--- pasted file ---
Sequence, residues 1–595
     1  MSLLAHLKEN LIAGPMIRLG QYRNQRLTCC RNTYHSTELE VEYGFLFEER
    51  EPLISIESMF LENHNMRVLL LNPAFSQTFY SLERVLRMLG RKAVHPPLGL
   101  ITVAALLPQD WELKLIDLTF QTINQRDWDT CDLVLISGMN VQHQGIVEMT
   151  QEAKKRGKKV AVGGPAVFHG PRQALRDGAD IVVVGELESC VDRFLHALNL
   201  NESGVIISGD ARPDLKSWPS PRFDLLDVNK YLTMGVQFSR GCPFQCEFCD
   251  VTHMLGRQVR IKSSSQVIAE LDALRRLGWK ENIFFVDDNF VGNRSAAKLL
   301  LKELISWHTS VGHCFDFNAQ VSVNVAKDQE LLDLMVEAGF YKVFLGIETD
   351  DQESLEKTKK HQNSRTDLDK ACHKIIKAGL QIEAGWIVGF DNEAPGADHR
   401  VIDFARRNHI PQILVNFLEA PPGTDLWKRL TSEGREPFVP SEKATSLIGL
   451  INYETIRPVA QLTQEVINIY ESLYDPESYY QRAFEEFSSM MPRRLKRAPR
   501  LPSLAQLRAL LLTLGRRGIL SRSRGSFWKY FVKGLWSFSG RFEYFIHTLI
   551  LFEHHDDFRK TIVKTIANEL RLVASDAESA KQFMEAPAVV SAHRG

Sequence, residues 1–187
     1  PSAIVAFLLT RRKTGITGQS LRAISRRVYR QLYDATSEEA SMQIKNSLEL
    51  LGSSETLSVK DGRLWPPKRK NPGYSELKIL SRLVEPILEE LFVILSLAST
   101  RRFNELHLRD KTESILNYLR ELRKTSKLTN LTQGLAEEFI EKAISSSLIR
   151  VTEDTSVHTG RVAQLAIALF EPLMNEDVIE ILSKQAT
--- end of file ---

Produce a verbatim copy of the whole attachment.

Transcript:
Sequence, residues 1–595
     1  MSLLAHLKEN LIAGPMIRLG QYRNQRLTCC RNTYHSTELE VEYGFLFEER
    51  EPLISIESMF LENHNMRVLL LNPAFSQTFY SLERVLRMLG RKAVHPPLGL
   101  ITVAALLPQD WELKLIDLTF QTINQRDWDT CDLVLISGMN VQHQGIVEMT
   151  QEAKKRGKKV AVGGPAVFHG PRQALRDGAD IVVVGELESC VDRFLHALNL
   201  NESGVIISGD ARPDLKSWPS PRFDLLDVNK YLTMGVQFSR GCPFQCEFCD
   251  VTHMLGRQVR IKSSSQVIAE LDALRRLGWK ENIFFVDDNF VGNRSAAKLL
   301  LKELISWHTS VGHCFDFNAQ VSVNVAKDQE LLDLMVEAGF YKVFLGIETD
   351  DQESLEKTKK HQNSRTDLDK ACHKIIKAGL QIEAGWIVGF DNEAPGADHR
   401  VIDFARRNHI PQILVNFLEA PPGTDLWKRL TSEGREPFVP SEKATSLIGL
   451  INYETIRPVA QLTQEVINIY ESLYDPESYY QRAFEEFSSM MPRRLKRAPR
   501  LPSLAQLRAL LLTLGRRGIL SRSRGSFWKY FVKGLWSFSG RFEYFIHTLI
   551  LFEHHDDFRK TIVKTIANEL RLVASDAESA KQFMEAPAVV SAHRG

Sequence, residues 1–187
     1  PSAIVAFLLT RRKTGITGQS LRAISRRVYR QLYDATSEEA SMQIKNSLEL
    51  LGSSETLSVK DGRLWPPKRK NPGYSELKIL SRLVEPILEE LFVILSLAST
   101  RRFNELHLRD KTESILNYLR ELRKTSKLTN LTQGLAEEFI EKAISSSLIR
   151  VTEDTSVHTG RVAQLAIALF EPLMNEDVIE ILSKQAT